Costs & verdict
Everyday costs, plus how reliable and safe it is
Costs, insurance groups, MPG and CO2
The e-Niro is priced slightly above the likes of the Nissan Leaf and Volkswagen e-Golf but way below premium EVs like the Jaguar I-Pace and Tesla Model S. It costs roughly the same to buy as the 64kWh version of the Hyundai Kona Electric, with which it shares an electric motor and battery.
Like all electric cars, the e-Niro is eligible for a £3500 grant from the Government. You probably won’t get anything more off the price by haggling, though; demand is already outstripping supply and you might even have to join a waiting list.
Although the e-Niro will cost you quite a bit more to buy than a conventional petrol SUV, there are savings to be made elsewhere. You’ll spend a lot less on electricity per mile than you would on petrol, for example, and you won’t pay a penny in road tax. If you venture into London’s Congestion Charge zone, you’ll also escape the usual fee, while there are various parking perks in cities across the UK.
You can charge using a Type 2 cable (included as standard) from a regular 7kW home charging point; this takes around 9hr 50min from 0-100%. For emergencies, you can also use a domestic three-pin charging lead (also included), but this method takes around three times as long.
If you want to rapid charge the e-Niro, you’ll need to find a CCS charging point (there are well over 1000 of these dotted around the UK). A 0-80% rapid charge from one of these takes around 75 minutes.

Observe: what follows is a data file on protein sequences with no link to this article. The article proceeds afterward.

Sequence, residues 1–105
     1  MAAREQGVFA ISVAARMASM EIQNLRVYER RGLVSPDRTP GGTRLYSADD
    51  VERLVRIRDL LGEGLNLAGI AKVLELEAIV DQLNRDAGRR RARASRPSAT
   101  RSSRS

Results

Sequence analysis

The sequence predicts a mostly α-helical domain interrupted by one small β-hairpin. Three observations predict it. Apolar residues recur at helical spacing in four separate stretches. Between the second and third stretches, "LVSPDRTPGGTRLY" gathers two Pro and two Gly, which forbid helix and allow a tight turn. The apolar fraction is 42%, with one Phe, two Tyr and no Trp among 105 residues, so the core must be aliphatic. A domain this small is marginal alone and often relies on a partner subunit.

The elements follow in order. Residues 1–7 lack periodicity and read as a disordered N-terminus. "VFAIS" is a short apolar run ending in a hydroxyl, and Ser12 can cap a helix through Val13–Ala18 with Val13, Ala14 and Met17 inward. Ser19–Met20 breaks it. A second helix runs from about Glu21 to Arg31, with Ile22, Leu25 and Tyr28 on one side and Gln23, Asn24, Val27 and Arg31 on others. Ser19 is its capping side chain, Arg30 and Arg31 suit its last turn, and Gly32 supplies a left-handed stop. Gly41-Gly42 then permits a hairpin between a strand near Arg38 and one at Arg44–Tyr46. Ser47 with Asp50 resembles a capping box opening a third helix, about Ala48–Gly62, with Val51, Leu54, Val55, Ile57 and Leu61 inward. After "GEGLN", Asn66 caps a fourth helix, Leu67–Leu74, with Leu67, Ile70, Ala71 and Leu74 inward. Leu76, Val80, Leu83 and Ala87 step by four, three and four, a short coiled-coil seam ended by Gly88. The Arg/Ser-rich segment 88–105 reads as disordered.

Equipment, options and extras
The e-Niro is only available in one trim level in the UK, so there isn’t much to scratch your head about here.
You certainly get lots of kit as standard. Along with the 17in alloy wheels, all-round electric windows and climate control that you might expect with a modern car, there's also automatic lights and wipers, keyless entry and start, adaptive cruise control, leather seats (heated in the front) and a heated steering wheel.
There aren’t many optional extras available, although it is worth stumping up for metallic paint.
Kia as a brand came fourth in the latest What Car? Reliability Survey, behind only Suzuki, Lexus and Toyota. The e-Niro itself didn’t feature (it was too new), but Kia does have prior experience of electric cars with the Kia Soul EV.
As with all Kias, you get a seven-year warranty as standard (limited to 100,000 miles).
Safety and security
Although the regular Niro has been appraised for safety by Euro NCAP, this electric version hasn’t yet been put through the tests.
You do get a reasonable number of active safety aids to help you avoid an accident in the first place, though, including automatic emergency braking and lane-keeping assistance. However, there’s no option to add blindspot monitoring or rear cross-traffic alert (the latter warns you about approaching cars when you’re backing out onto a road).
As for security, you get an alarm, deadlocks and locking wheel nuts as standard.